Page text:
Background: The Washington Post (see link below) recently described how the new Common Core Standards for K-12 schools came to be adopted in 43 states. Financed largely by the Bill and Melinda Gates Foundation, Common Core is a set of uniform academic standards in English and math replacing the uneven patchwork quilt that left the standards up to each state. Proponents say Common Core will better prepare students for success in college and career and opponents says education policy should be left to state and local governments. Read more here: http://www.washingtonpost.com/politics/how-bill-gates-pulled-off-the-swift-common-core-revolution/2014/06/07/a830e32e-ec34-11e3-9f5c-9075d5508f0a_story.html
About two-thirds of district superintendents said they believe the Common Core State Standards will improve the quality of education in their communities, while 22 percent said the standards will have no effect, according to the results from a new poll.
The survey, one of several conducted by the Gallup polling organization in partnership with Education Week over the last year, also found that two out of three superintendents believe the common standards are “just about right” in terms of difficulty for students. Fourteen percent, which cover English/language arts and mathematics, said the standards are too challenging, and just 5 percent said the standards are not challenging enough.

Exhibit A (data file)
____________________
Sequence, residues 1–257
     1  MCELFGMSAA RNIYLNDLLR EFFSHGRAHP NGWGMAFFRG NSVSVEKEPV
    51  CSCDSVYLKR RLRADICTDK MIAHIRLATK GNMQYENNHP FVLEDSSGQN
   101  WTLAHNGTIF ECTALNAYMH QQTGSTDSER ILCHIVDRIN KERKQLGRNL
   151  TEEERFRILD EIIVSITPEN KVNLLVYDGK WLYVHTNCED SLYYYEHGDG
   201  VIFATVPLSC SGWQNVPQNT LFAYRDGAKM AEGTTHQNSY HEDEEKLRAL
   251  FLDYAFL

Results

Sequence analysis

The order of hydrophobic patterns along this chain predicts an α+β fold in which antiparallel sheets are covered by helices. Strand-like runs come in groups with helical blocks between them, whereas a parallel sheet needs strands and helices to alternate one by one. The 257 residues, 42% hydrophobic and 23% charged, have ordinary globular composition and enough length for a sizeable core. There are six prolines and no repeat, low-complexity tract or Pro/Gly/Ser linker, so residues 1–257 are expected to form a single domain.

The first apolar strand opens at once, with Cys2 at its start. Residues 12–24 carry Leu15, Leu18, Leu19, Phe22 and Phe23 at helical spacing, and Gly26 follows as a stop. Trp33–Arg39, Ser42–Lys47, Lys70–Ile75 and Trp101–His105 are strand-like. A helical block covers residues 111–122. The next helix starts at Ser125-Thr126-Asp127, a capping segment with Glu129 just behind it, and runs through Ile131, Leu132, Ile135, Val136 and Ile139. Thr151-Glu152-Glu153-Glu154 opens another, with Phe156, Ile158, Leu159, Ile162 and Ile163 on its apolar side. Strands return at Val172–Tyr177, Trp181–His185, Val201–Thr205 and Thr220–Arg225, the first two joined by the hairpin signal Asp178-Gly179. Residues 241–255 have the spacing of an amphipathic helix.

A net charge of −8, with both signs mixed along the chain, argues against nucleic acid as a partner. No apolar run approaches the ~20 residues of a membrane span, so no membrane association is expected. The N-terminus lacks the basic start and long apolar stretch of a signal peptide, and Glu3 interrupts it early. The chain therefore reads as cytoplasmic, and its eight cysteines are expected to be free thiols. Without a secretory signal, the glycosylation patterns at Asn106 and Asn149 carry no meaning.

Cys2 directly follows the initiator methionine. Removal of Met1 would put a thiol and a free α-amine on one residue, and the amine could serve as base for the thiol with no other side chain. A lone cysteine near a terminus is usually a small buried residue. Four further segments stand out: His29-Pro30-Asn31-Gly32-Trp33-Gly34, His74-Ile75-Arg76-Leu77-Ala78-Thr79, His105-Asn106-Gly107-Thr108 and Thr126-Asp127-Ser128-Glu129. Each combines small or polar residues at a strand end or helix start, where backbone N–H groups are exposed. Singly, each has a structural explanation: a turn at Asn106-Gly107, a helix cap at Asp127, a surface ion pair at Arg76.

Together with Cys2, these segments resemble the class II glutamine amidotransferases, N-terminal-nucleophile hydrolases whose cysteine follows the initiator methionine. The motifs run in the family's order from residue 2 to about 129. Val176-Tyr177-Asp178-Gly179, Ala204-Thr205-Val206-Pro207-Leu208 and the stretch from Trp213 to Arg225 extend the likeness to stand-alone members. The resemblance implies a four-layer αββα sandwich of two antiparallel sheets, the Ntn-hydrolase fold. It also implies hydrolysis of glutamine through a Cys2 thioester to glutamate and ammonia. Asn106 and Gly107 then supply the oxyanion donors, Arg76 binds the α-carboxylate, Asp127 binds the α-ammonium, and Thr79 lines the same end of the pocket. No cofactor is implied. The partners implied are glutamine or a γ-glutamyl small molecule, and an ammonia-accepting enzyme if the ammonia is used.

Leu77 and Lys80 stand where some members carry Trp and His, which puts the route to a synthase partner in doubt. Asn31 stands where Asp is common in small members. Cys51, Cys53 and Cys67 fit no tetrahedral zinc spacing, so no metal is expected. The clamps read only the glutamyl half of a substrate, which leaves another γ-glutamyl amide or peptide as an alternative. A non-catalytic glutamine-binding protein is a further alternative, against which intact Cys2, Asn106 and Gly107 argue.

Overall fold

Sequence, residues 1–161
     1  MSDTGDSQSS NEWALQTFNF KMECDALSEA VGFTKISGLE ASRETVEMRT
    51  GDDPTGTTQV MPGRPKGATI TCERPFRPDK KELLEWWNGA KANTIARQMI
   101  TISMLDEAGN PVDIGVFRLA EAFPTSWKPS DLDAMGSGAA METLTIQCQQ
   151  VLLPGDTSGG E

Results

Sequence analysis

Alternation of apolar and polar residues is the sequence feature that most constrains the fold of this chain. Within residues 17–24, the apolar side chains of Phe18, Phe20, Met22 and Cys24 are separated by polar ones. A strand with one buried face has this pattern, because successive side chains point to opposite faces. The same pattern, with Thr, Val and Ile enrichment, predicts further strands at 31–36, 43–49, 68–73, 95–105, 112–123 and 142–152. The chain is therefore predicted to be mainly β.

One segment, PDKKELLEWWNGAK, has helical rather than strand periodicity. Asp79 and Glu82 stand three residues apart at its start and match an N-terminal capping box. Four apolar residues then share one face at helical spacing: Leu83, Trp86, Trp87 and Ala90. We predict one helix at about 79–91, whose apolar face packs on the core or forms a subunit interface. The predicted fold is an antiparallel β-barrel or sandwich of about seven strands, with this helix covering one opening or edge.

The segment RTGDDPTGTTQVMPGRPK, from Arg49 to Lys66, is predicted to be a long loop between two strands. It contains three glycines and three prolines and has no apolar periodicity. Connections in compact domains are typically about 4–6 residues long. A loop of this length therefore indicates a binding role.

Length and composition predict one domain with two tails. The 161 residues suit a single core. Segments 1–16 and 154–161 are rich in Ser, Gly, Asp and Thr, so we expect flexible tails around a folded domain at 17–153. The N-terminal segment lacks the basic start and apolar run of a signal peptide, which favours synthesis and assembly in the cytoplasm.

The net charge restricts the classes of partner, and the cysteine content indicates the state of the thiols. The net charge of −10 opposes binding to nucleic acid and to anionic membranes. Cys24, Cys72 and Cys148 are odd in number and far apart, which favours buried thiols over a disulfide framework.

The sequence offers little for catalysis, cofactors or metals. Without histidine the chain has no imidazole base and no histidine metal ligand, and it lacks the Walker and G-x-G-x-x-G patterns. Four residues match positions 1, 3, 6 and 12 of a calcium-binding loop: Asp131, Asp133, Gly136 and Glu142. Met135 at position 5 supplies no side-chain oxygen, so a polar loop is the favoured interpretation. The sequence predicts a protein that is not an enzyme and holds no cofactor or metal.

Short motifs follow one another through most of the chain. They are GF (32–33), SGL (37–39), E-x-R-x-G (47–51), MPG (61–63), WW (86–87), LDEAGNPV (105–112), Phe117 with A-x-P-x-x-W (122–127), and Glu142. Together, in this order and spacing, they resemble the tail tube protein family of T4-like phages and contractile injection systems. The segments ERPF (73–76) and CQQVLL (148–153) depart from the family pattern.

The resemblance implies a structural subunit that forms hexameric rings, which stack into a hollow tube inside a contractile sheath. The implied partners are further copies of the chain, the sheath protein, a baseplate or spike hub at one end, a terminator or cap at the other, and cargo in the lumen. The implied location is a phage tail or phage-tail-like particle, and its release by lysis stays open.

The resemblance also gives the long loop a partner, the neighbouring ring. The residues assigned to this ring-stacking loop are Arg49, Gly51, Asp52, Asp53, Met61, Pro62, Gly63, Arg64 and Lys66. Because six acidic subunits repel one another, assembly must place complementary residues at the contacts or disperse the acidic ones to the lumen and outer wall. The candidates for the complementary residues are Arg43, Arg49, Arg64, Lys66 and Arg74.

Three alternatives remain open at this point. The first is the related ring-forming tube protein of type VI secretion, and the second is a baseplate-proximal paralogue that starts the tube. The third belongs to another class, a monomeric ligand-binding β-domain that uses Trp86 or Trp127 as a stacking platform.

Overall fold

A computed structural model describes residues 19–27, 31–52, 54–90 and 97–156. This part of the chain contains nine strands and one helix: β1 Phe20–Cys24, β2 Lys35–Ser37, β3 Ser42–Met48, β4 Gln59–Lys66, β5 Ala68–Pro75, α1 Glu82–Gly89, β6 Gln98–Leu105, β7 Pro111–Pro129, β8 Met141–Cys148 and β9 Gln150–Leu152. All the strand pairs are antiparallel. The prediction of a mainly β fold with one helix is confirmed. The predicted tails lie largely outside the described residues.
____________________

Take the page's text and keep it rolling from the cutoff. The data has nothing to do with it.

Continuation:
Meanwhile, 43 percent of respondents strongly disagreed when asked whether they were receiving “adequate support” from the federal government to implement the common core.
Efforts to eliminate extra pay for teachers who earn advanced degrees are gaining momentum in a small but growing number of U.S. schools, stirring a national debate about how best to compensate quality educators and angering teachers who say the extra training is valuable.
More than half of the nation’s teachers have master’s degrees or higher, but the changing salary structure is giving pause to others considering the same path. Texas’ two largest school districts, in Houston and Dallas, recently eliminated advanced degree pay going forward, following the example of North Carolina, where lawmakers last year started phasing it out. A few other states have made tweaks to reduce how much advanced degrees factor into pay.
“They’re trying to say there’s no value at all for a teacher going back to increase their knowledge,” said Rena Honea, president of Alliance-AFT, which represents Dallas Independent School District employees. “Just by having the additional knowledge in their content area gives them more tools in their toolbox to be able to reach the different types of learners that are in the classroom.”
By Stephen Sawchuk
The American Federation of Teachers’ governing body has passed a resolution calling for more teacher input into the implementation of the Common Core State Standards.
It passed by a majority in a standing vote, but the debate on the item underscored the extremely divergent opinions within the 1.6 million-member union about the K-12 student expectations.
The sign welcoming travelers to Iredell County, N.C., labels it as “Crossroads of the Future,” but that might not be assertive enough for the people living there.
The county, home to Iredell-Statesville school district, prides itself on innovation and direct action in responding to the needs of children. The system sees itself as a model for the future, not just a pit stop.
“There’s no such thing as a school system standing still,” said Superintendent Brady Johnson. “If you’re not innovating, you’re gonna go backwards, and kids will regress. That’s unacceptable to us.”